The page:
monarch advanced as far as Monghyr and won a resounding victory over
Dharmapala.
    The Gwalior Inscription of his grandson tells us of Nagabhatta II’s
victories over Anartta (northern Kathiawar), Malava or central India, the
Matsyas or eastern Rajputana, the Kiratas (of the Himalaya regions),
Turushkas (Arab settlers of western India) and the Vatsas in the territory of
Kausambi (Kosam). The limits of the Pratihara empire under Nagabhatta II
may be roughly defined as comprising parts of Rajputana, a large portion of
modem Uttar Pradesh, central India, northern Kathiawar and adjacent
territories. Nagabhatta II was succeeded by his son Ramabhadra during
whose brief reign of three years, the Pratihara power eclipsed owing to the
aggressive policy of the Pala emperor, Devapala.
Mihira Bhoja With the accession of Ramabhadra’s son Bhoja the Pratihara
power reached glory. He reestablished the supremacy of his family in
Bundelkhand and subjugated the Jodhpur Pratiharas (Pariharas). The
Daulatpura Copper Plate of Bhoja shows that the Pratihara king had
succeeded in reasserting his authority over central and eastern Rajputana. In
the north, his suzerainty was acknowledged up to the foot of the Himalayas,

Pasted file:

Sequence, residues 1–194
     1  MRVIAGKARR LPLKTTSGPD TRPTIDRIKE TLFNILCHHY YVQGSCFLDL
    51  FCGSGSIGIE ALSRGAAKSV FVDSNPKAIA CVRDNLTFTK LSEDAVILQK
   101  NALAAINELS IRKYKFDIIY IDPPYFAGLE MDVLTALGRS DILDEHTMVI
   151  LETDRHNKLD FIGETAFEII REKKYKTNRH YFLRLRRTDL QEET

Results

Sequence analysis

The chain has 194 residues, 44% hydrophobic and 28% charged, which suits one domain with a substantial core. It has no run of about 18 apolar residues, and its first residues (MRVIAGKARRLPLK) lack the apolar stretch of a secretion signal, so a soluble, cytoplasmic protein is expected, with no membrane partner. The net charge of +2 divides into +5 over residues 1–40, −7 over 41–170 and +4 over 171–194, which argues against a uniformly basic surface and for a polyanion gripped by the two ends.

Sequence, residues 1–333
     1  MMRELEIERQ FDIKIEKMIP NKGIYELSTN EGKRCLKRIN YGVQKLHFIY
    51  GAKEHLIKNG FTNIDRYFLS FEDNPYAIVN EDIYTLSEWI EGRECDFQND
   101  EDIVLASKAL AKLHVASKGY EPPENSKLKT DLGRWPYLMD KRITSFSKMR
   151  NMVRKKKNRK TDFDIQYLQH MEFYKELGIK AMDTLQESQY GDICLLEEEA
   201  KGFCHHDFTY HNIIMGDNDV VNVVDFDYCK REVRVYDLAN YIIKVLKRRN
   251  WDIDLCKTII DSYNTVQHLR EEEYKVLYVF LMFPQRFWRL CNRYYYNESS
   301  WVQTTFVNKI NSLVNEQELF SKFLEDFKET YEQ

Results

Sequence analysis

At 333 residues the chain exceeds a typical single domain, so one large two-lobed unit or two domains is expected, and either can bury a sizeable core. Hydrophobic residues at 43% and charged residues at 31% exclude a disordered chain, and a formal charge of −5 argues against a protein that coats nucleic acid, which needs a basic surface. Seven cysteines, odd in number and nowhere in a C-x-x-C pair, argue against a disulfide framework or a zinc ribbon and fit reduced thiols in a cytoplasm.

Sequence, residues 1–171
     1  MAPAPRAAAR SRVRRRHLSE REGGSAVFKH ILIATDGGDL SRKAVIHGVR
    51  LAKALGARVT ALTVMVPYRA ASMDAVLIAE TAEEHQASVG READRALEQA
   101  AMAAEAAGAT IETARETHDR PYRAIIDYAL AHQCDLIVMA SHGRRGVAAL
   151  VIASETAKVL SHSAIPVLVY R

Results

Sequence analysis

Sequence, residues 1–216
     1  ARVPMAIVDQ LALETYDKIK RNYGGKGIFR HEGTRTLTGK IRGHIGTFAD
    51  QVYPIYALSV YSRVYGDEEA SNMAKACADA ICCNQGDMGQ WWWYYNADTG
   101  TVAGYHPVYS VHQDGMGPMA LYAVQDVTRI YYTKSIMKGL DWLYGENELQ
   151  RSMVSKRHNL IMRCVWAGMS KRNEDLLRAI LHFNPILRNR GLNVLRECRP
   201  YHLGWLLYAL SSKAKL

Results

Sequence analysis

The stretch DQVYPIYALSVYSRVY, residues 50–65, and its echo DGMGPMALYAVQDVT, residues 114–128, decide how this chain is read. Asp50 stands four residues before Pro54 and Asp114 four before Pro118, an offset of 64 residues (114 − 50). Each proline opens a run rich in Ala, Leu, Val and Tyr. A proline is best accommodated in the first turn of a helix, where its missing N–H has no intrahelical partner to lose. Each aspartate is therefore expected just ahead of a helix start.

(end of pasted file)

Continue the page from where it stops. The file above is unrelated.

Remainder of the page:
as is proved by the grant of a piece of land in the Gorakhpur district to a
Kalachuri king.
    Bhoja’s imperial ambition was however, not uniformly successful. He
was defeated by the Pala king, Devapala. But instead of being dispirited by
this reverse in the east, he turned southward and overran southern Rajputana
and the tracts round Ujjain up to the Narmada river. This brought him face to
face with the Rashtrakutas whose ruler Dhruva II was able to arrest his
triumphant progress.
    The political spectrum underwent a change with the death of the powerful
Pala ruler, Devapala, followed by the Rashtrakuta invasion of Bengal. Bhoja
defeated the weak Pala king Narayanapala and secured considerable part of
his western dominions. Flushed with this success he clashed with Krishna II,
the Rashtrakuta. He defeated him on the banks of the Narmada and occupied
Malwa.
    Thus the extensive dominions of Bhoja extended up to Sutlej in the north-
west, the foot of the Himalayas in the north, Bengal in the east, Bundelkhand
and Vatsa territories in the south       and south-east, and the Narmada and